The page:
The way that Jethica plays out is almost the inverse of what happens with Clay and Whit. What we discover that Elena and Jessica have in common is that they are both haunted by men that they killed. In Elena’s case, she was driving down the road, got distracted, and hit a guy walking down the side of the road named Benny. (Andy Faulkner). After he is killed, Benny’s ghost mostly just keeps walking up and down the stretch of highway where he died, and we see Elena sometimes pick him up and talk to him, as a way to make peace with what she did. It’s only towards the end of the film that we learn it wasn’t an accident that Elena hit Benny. She happened to be distracted, and maybe she could have avoided him if she hadn’t been, but he deliberately jumped in front of her car. He was ready to end it all, and she just happened to be the one passing by. The shared theme between Elena and Jessica ends up being women whose lives were derailed by sad and selfish men, but what’s so surprising about where the film decides to go with that is how much empathy it still chooses to have for those two men. Kevin and Benny are undoubtedly the villains of the story, but after Benny absentmindedly reveals to Elena what he did, and Jessica gets Kevin to realize that what he has been doing, in both life and death, has been hurting her, the resolution to the story of the two ghosts is that they stop haunting these women, but also find a friend in one another before finally disappearing. The film doesn’t need to do that, and neither Benny nor Kevin is really owed such grace, but the empathy extended to them is still moving because we can’t help but hope that, even at our worst, such kindness might be extended to us.

Neither film does, or really even could, tell us anything definitive about death, but both stories do contextualize something important for us about how we should treat others while we’re alive. How Clay treats Whit isn’t unambiguously wrong, but we still judge him harshly for how little empathy he has for Whit, also seeing it as an extension of the general selfishness with which we already saw him treat others. Clay may not have owed Whit companionship, but it was a choice to be such a dick about it. Conversely, the care that Elena and Jessica showed Kevin and Benny was probably excessive. No one owes kindness to an abuser, but, in general, anyone willing to extend empathy to others tends to receive ours. Such is the esteem with which we hold empathy that we always prefer the one who shows too much to the one that shows too little. And that’s part of why we love films, not because they are empathy machines, but because we are, and a good film reflects that back to us.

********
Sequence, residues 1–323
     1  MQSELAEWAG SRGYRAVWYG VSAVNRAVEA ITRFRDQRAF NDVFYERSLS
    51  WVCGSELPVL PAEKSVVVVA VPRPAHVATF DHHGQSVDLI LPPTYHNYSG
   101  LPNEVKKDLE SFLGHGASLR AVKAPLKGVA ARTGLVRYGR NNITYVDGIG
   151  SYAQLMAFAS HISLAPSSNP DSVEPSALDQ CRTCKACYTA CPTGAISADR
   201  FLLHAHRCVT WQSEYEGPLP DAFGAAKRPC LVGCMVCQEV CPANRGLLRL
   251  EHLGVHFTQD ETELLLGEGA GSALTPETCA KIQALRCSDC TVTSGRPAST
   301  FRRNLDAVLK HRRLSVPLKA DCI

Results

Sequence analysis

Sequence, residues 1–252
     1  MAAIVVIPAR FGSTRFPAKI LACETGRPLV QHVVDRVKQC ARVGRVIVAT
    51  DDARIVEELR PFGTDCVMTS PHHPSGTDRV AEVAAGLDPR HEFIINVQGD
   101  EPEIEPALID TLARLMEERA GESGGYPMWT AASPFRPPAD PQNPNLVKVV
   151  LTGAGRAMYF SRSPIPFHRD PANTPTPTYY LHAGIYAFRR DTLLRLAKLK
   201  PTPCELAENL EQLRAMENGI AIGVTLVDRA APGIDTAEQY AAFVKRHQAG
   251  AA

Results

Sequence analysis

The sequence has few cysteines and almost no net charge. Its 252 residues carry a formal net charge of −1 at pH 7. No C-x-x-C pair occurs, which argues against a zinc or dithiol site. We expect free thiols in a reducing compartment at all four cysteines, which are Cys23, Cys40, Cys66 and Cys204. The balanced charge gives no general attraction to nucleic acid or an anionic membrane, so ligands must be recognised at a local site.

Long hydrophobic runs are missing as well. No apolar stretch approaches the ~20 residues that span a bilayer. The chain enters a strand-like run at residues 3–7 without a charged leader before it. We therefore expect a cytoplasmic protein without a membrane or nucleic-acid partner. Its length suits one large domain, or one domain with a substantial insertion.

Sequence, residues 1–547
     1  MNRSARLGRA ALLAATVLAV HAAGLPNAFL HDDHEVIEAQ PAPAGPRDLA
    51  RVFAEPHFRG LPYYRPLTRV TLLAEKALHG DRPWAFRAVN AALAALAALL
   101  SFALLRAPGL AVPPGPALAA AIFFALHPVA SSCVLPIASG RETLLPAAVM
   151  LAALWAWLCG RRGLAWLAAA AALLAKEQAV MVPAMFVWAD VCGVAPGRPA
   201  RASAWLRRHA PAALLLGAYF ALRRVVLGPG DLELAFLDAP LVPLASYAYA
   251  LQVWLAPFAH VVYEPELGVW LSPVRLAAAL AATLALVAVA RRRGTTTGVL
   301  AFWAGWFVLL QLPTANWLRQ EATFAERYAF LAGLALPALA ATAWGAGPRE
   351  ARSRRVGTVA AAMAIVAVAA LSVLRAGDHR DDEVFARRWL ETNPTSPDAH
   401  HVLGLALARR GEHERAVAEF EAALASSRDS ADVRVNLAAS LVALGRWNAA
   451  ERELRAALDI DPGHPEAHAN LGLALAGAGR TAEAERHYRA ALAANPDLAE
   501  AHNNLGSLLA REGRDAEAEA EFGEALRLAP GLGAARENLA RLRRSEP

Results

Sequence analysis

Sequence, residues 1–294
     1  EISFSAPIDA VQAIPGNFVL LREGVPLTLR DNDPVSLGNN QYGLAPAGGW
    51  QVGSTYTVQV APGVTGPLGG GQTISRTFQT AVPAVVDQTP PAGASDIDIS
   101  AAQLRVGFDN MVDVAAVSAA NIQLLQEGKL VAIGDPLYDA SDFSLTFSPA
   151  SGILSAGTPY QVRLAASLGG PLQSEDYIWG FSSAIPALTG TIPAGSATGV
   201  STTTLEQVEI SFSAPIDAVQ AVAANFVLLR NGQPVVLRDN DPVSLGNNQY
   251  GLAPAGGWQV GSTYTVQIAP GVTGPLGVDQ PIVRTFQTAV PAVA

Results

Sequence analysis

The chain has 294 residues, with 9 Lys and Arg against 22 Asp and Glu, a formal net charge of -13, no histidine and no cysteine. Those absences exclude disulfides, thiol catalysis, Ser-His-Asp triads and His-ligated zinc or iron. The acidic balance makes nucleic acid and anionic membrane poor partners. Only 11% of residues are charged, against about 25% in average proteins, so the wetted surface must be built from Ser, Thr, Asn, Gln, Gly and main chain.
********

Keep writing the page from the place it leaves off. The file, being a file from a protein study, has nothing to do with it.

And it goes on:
Damian Masterson

Staff Writer

Damian is an endothermic vertebrate with a large four-chambered heart residing in Kerhonkson, NY with his wife and two children. His dream Jeopardy categories would be: They Might Be Giants, Berry Gordy’s The Last Dragon, 18th and 19th-Century Ethical Theory, Moral Psychology, Caffeine, Gummy Candies, and Episode-by-Episode podcasts about TV shows that have been off the air for at least 10 years.